Essential traits for building a career in hospitality

Some people are born to work in hospitality. Friendliness and a never-ending willingness to give guests a great time are like a second nature to them. The majority of us, however, aren’t. Most people like the norm, which is weekdays only from 9 to 5.

Hospitality people are certainly a special breed. They are the face of your hotel or restaurant, a hospitality company's living business card. Hospitality staff are in continuous contact with your customers and as such they are the go-to people when something isn’t exactly as your demanding guests expect. Needless to say, the ideal hospitality employee has an impressive skill set.

Some of these skills are:

  1. Commitment To be successful in the hospitality industry, you must be committed to ensuring customer satisfaction. You must do whatever it takes to keep customers happy and also create repeat business.
  2. Computer Know-How A great hospitality employee has good computer skills and is familiar with a wide range of technological applications that are used within the industry.
  3. Enthusiasm Great employees of the hospitality industry are enthusiastic about their jobs and strive to do the best work possible. They want to give their customers the best experience available.
  4. Interpersonal Skills To be successful in hospitality, one must have top notch interpersonal skills, as the very nature of the business is to provide spectacular customer service.
  5. Leadership Great hospitality employees have strong leadership skills and are able to command projects and make significant contributions to an organization's overall success.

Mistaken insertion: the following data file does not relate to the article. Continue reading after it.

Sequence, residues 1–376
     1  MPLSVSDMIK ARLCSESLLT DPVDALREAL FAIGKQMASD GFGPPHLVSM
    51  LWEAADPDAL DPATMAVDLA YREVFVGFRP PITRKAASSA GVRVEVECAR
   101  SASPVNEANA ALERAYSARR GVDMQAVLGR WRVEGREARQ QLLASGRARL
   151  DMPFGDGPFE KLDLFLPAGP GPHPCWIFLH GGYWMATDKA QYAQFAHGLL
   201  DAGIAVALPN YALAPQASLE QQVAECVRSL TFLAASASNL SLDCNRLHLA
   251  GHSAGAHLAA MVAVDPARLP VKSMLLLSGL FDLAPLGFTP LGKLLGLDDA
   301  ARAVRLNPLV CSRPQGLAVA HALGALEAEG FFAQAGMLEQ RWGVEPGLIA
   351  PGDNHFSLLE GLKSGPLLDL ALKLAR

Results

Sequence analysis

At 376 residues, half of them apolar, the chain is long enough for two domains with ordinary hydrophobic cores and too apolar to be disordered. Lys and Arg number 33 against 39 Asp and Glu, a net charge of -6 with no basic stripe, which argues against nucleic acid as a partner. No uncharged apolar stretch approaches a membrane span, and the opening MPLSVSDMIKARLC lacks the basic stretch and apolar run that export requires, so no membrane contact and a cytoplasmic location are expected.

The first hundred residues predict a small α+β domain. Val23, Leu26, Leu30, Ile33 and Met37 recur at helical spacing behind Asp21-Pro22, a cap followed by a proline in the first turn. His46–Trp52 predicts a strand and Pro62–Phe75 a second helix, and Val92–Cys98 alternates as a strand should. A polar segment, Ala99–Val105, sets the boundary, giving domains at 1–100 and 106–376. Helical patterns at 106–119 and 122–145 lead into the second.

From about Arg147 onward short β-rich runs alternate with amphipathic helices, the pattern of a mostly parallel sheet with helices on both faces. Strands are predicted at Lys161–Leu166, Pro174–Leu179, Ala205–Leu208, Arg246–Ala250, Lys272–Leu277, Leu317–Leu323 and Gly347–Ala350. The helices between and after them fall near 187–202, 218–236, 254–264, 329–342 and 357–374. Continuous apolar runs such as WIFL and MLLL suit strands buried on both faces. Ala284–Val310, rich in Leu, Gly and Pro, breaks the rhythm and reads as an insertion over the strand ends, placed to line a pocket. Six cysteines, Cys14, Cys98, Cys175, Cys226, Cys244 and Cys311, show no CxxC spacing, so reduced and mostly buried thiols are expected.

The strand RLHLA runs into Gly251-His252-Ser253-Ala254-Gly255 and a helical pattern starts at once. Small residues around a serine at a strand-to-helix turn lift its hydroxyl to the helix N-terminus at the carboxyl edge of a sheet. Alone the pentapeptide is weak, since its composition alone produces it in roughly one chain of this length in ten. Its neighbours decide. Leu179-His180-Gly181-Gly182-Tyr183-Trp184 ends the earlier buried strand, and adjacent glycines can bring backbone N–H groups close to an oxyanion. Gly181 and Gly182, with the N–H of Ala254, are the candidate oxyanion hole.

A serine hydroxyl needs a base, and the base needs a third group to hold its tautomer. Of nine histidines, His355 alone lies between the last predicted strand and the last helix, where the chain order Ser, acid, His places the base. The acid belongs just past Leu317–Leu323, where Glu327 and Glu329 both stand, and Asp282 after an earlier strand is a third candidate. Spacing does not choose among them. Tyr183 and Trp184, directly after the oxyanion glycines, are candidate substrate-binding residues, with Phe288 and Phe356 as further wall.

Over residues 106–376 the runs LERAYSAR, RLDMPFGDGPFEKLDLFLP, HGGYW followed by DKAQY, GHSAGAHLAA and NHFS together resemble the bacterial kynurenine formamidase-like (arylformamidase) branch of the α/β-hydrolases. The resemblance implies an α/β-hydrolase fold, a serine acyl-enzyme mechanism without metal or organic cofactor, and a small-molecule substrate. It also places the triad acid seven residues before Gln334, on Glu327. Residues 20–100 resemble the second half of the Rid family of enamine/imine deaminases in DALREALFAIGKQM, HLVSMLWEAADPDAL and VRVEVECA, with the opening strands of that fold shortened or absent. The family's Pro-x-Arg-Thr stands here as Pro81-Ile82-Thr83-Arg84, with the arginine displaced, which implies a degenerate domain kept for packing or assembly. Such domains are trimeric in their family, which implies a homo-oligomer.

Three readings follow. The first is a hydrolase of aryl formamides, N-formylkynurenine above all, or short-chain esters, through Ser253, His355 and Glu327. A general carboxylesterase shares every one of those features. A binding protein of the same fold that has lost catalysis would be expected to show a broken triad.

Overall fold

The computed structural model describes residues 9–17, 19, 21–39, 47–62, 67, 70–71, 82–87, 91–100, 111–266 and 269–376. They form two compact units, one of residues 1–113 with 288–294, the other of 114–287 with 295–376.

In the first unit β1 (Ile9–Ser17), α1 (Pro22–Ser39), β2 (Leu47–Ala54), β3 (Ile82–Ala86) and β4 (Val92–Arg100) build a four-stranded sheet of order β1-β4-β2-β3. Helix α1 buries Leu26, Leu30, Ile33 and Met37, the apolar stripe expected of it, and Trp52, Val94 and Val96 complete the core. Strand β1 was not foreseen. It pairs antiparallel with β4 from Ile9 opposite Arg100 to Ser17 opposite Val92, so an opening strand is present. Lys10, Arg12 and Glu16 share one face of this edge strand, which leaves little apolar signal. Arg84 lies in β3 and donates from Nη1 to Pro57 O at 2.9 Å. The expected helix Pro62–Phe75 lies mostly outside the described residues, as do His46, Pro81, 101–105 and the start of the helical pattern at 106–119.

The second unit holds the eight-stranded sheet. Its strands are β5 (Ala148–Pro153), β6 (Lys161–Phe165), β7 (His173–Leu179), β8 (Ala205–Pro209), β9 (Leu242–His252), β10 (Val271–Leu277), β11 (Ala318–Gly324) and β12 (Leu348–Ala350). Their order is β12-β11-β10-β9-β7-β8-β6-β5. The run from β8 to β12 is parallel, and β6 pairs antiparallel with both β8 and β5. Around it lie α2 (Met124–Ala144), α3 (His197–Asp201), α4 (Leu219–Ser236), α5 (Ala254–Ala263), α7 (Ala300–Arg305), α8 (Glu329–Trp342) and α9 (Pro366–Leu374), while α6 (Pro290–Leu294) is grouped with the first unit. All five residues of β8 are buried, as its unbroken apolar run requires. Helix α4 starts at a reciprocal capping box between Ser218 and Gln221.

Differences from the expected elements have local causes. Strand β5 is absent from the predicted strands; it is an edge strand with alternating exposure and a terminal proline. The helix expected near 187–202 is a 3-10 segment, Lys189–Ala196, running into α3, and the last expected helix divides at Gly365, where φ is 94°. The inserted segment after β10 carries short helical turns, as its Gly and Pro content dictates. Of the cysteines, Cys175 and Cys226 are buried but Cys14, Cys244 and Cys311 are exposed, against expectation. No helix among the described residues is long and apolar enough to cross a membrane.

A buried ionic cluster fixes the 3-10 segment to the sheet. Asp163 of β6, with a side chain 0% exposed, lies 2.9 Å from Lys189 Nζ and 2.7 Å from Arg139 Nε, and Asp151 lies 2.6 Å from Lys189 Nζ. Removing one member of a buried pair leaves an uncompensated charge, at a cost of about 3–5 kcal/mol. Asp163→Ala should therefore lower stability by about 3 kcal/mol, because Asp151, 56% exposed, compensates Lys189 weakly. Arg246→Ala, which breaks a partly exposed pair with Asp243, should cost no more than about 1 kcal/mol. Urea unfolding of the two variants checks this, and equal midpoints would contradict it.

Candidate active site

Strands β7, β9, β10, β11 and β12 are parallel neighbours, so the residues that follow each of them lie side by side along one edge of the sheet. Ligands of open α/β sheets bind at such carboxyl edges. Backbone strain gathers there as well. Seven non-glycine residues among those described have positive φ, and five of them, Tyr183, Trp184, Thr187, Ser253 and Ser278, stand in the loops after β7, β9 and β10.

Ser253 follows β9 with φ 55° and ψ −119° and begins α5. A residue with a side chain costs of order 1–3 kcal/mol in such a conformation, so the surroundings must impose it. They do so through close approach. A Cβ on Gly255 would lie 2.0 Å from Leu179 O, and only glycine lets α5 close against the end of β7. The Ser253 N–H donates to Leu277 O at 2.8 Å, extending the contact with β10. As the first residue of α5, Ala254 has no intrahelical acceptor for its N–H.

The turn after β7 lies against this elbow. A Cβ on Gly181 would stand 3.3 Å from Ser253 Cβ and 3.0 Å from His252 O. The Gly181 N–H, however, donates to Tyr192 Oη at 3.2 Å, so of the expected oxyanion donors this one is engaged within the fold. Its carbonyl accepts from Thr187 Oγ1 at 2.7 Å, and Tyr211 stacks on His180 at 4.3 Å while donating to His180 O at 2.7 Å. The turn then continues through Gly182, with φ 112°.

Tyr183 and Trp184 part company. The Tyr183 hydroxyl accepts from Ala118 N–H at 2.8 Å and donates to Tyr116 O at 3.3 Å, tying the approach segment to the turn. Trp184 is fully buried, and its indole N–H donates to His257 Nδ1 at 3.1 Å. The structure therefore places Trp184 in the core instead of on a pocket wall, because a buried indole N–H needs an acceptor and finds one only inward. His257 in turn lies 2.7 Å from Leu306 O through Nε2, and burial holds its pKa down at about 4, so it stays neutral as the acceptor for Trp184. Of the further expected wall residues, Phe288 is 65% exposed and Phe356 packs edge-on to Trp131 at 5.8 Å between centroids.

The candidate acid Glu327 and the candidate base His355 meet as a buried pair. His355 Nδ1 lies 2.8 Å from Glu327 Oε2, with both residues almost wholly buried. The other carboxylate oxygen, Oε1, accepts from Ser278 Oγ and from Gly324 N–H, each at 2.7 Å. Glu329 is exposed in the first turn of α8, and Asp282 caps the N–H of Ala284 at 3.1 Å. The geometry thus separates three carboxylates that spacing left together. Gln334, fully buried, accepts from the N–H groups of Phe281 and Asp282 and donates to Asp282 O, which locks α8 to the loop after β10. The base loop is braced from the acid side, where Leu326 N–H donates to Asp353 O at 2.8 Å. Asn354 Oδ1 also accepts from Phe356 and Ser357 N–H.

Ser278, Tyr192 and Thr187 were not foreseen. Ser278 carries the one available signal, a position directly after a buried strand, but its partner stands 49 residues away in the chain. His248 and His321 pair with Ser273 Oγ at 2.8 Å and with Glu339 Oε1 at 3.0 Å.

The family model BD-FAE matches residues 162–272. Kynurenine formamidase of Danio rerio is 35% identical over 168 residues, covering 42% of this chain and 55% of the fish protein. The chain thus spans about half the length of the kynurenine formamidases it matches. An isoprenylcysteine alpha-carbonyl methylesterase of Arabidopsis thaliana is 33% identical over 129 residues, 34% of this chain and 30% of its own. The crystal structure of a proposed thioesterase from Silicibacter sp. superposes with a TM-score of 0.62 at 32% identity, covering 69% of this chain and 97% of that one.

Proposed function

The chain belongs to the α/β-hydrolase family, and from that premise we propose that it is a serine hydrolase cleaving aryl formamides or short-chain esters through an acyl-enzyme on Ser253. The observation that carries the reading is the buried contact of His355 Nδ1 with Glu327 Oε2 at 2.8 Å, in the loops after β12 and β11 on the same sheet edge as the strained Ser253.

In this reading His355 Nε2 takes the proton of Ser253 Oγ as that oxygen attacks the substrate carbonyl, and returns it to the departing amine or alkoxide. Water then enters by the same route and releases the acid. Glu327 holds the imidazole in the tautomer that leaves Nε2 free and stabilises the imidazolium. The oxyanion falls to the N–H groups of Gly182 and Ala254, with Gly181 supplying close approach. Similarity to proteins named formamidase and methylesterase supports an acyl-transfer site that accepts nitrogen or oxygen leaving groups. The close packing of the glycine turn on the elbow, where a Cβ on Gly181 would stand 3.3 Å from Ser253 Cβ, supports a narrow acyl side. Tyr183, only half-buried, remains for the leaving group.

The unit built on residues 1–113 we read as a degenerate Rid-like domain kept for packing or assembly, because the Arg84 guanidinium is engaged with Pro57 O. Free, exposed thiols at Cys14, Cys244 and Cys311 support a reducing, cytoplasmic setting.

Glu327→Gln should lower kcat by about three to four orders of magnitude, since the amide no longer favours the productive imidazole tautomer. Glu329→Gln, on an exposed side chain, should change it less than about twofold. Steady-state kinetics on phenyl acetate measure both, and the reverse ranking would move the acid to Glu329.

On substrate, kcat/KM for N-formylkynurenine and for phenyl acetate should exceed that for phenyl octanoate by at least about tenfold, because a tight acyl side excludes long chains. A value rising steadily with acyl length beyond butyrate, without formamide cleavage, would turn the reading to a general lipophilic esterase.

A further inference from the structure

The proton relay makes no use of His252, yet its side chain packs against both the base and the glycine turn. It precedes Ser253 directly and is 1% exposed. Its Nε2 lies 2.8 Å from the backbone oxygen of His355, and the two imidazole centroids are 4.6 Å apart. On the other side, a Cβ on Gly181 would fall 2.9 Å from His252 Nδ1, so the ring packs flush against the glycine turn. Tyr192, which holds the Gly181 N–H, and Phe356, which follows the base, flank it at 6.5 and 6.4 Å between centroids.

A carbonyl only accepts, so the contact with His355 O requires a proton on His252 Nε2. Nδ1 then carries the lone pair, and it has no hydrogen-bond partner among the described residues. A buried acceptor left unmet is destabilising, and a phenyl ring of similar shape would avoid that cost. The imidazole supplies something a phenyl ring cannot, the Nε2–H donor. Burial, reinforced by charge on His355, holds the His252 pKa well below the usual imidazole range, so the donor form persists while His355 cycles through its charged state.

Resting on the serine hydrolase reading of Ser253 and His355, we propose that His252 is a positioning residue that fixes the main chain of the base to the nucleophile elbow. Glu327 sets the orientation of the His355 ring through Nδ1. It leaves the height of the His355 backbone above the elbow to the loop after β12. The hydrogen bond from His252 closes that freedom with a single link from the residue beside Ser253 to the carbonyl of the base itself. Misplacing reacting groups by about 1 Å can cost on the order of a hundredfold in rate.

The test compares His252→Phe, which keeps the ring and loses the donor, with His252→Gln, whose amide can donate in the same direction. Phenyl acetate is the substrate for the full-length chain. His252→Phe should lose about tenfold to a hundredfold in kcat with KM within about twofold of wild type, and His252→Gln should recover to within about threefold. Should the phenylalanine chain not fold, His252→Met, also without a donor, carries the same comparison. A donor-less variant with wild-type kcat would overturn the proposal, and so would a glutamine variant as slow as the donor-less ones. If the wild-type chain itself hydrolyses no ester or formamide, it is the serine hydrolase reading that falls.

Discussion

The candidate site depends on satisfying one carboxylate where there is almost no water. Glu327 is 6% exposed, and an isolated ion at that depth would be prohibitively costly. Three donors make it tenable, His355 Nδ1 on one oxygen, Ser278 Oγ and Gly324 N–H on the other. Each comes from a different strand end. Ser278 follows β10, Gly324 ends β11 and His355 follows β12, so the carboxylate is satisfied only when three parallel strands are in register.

6. Organized To stay on top of the multitude of tasks you'll face as a hospitality employee, you have to be organized and multitask without difficulty
  7. Knowledgeable of Safety/Hygiene Issues Successful hospitality employees are familiar with rules of safety and hygiene as they apply to food serving places, hotels, and other places where people spend time.
  8. Teamwork  Successful members of the hospitality industry work well with others and can be a productive member of a team. They value the contributions of everyone.
  9. Thorough Great hospitality employees are very thorough in their work and realize that any oversight could result in customer dissatisfaction. 
  10. Listening Listening to your guests is vital, especially if they don’t speak the same language. Good hospitality staff know how to listen, not just with their ears but with their entire body. It’s not only about what guests tell them, it’s also about their non verbal communication; are they nervous, stressed, do they seem a little lost? And what does the guest tell them between the lines?
  11. Oral Communication After the listening comes the talking. This is almost as important as the listening. When your guests speak a different language, you want to make sure your staff are confident about their English or whatever other language they’re required to speak. And it’s not just about the way they talk. Again, it’s about the employee’s general attitude; they need to look the guests in the eye, have a friendly face, speak clearly, etc.